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"Afterparty... is believing the party's still raging, even though it's already over"

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Patrik Syversen • Director


- Cineuropa sat down with Norwegian director Patrik Syversen to discuss his fifth feature film, Afterparty, out now in Norway

Patrik Syversen • Director

The tale that Norwegian director Patrik Syversen is trying to tell in his fifth feature film, Afterparty [+see also:
interview: Patrik Syversen
film profile
, takes place in the Majorstuen neighbourhood of Oslo, not far from Frogner Park, home to Gustav Vigeland’s famous statues, so similar and yet so different at the same time, and so human. In this low-budget independent film, distributed by Arthaus, which both Syversen and Fredrik Pryser (of the company Fredrik Fiction) produced, two young women, played by Marte G Christensen and Silje Storstein, see their friendship come to an end over the course of less than 48 hours.

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Cineuropa: It’s sort of a humdrum story, when you get down to it.
Patrik Syversen:
And yet, it’s quite an important one for those of us who are almost 30; not quite settled in life, seeing nothing but success and lives flourishing all around them. They’re trying to avoid breaking down, and so they hold on so tightly to what little they have or believe they have. Afterparty… is believing the party’s still raging, even though it’s already over. The women are moved by their fear of change, solitude, fits of rage, lack of excitement and so on. We often try to rationalise any surprising irrational behaviour. When we’re not feeling well, we have a tendency to bring others down with us, to the gloomy depths where we feel safe, insisting on humiliating them with subtle tricks, and that’s exactly what one of the characters is doing, but it’s difficult to catch someone manipulating you red-handed.

Manipulation… Isn’t that a bit cynical?
No, it isn’t cynicism, but the instinctive reaction of someone who is hurting. It’s not deliberate. My characters don’t wish to cause harm to anyone else. We’re more used to seeing films with romantic relationships or those of outright hostility between sworn enemies, than we are of seeing subdued relationships in which discomfort is beginning to show in some indescribable way. Marte G Christensen was the one behind this idea of a destructive friendship. I spent a lot of time talking with her and Silje Storstein before and during the process of writing the script and the dialogue: for me, it was more a process of elaboration, broken up across our meetings, than one of intensive creation. I’d just like to remind you that the film is a fiction, even though the characters and the actors share names.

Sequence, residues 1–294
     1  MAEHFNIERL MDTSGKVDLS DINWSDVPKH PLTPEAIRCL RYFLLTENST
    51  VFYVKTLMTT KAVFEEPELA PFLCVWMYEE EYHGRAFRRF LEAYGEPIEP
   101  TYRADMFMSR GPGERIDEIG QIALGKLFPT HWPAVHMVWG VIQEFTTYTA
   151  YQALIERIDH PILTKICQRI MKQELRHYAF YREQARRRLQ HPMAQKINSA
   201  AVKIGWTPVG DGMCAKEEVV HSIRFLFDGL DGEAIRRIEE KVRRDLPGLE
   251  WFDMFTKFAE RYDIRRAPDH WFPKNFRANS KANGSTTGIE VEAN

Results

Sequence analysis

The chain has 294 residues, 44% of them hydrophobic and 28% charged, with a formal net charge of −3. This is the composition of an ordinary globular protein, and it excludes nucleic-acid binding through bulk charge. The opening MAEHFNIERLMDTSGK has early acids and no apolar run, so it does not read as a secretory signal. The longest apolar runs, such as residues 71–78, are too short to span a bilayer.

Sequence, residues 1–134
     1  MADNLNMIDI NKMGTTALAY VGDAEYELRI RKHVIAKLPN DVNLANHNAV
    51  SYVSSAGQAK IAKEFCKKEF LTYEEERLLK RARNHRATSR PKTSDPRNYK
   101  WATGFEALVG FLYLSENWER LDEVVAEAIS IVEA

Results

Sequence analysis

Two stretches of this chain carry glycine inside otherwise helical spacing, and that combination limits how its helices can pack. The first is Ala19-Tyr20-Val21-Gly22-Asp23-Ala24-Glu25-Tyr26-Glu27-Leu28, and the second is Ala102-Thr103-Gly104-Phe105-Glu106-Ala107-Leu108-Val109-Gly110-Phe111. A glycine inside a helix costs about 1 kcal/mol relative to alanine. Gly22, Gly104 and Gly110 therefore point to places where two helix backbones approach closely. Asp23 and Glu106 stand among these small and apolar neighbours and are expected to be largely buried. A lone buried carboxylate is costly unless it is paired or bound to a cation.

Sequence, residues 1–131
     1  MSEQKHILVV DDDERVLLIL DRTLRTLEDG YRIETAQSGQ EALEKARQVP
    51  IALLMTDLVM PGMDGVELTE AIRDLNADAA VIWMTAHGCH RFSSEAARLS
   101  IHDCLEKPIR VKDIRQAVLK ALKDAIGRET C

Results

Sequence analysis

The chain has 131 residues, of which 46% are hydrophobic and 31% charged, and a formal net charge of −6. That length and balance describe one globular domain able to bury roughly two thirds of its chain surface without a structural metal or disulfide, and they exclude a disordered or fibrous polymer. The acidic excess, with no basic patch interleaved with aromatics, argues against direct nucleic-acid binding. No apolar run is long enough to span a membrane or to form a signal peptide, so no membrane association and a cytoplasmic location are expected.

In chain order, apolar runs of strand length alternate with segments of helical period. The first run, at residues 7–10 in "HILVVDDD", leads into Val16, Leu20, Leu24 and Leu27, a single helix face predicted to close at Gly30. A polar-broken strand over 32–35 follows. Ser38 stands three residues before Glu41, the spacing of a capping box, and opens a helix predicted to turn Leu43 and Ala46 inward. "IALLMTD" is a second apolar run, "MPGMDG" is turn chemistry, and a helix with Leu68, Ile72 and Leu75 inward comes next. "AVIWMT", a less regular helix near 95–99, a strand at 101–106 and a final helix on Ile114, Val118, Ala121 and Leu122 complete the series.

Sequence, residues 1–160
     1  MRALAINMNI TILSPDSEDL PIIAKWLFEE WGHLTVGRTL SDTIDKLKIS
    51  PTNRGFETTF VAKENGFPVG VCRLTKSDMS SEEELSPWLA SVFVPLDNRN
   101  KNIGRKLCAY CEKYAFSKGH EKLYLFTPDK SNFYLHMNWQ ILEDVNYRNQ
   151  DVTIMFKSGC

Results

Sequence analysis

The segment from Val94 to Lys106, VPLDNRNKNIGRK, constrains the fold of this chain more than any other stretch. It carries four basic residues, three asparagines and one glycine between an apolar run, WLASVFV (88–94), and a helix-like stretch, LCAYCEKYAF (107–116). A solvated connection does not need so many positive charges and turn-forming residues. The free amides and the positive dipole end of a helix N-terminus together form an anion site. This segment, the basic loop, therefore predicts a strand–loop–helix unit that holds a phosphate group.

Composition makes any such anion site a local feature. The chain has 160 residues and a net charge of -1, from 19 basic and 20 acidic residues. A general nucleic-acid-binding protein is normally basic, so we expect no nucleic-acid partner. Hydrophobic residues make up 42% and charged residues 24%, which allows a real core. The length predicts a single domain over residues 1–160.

Horror, heart-warming comedy, a vampire film, just to name a few… You have worked on films of many different genres over your career.
You’re right... But there are still some similarities. In all of my films, you’ll find an emotional link, an implicit agreement between these characters who are testing themselves. Defined by their circumstances and social pressures, they will try to redefine themselves.

There are also male characters in Afterparty, featuring actors Tobias Santelmann, who can be seen in Kon-Tiki [+see also:
film review
film profile
, and Benjamin Helstad...
The character of Tobias has stayed friends with Silje, his ex; there’s no bitterness between them. As for Benjamin, he is a bewildered witness to a variety of upsets. I feel his reactions reflect those of the audience.

Did you let your actors improvise?
Oh no! We spent a lot of time rehearsing over the eight days of filming, just like you would for a theatrical production. It’s great that the feeling of spontaneity is still there! It was all shot in 2014, often in real time, at the exact time that the action took place, so we could better capture the light of the Scandinavian night. The cinematographer, Andreas Johannessen, brought his practical way of doing things to the film, as well as his poetic eye, his sensitivity and his fine perception of human beings. The film, for the most part, is made up of long takes – eight minutes for the longest scene. In general, we filmed three versions of each scene, differing in tone and ambiance. Then, during editing I would make a decision based on the perspective we’d chosen. Given that we didn’t have any strict deadlines, I could give myself two months off after filming, which gave my vision some time to really brew and become more refined. Editing was more about refining what I had than it was about cutting and pasting, because I don’t like breaking things up too much, a little like the way Hungarian filmmaker Béla Tarr goes about it: taking his time to show things, and then allowing us to look at things with fresh eyes.

Were you aiming to observe humans the same way an entomologist might observe insects?
Not really. I’m an insect as well. But, as you well know, we can very easily be the observer and the observed at the same time; they’re not incompatible. I’m not judging; I am more than happy to describe and ask myself questions. Of course, that doesn’t mean I’m without empathy, that sincere desire to understand others around us. It’s sort of exciting, you know, to discover different aspects of the human spirit that were so strange to you at the beginning.

(Translated from French)

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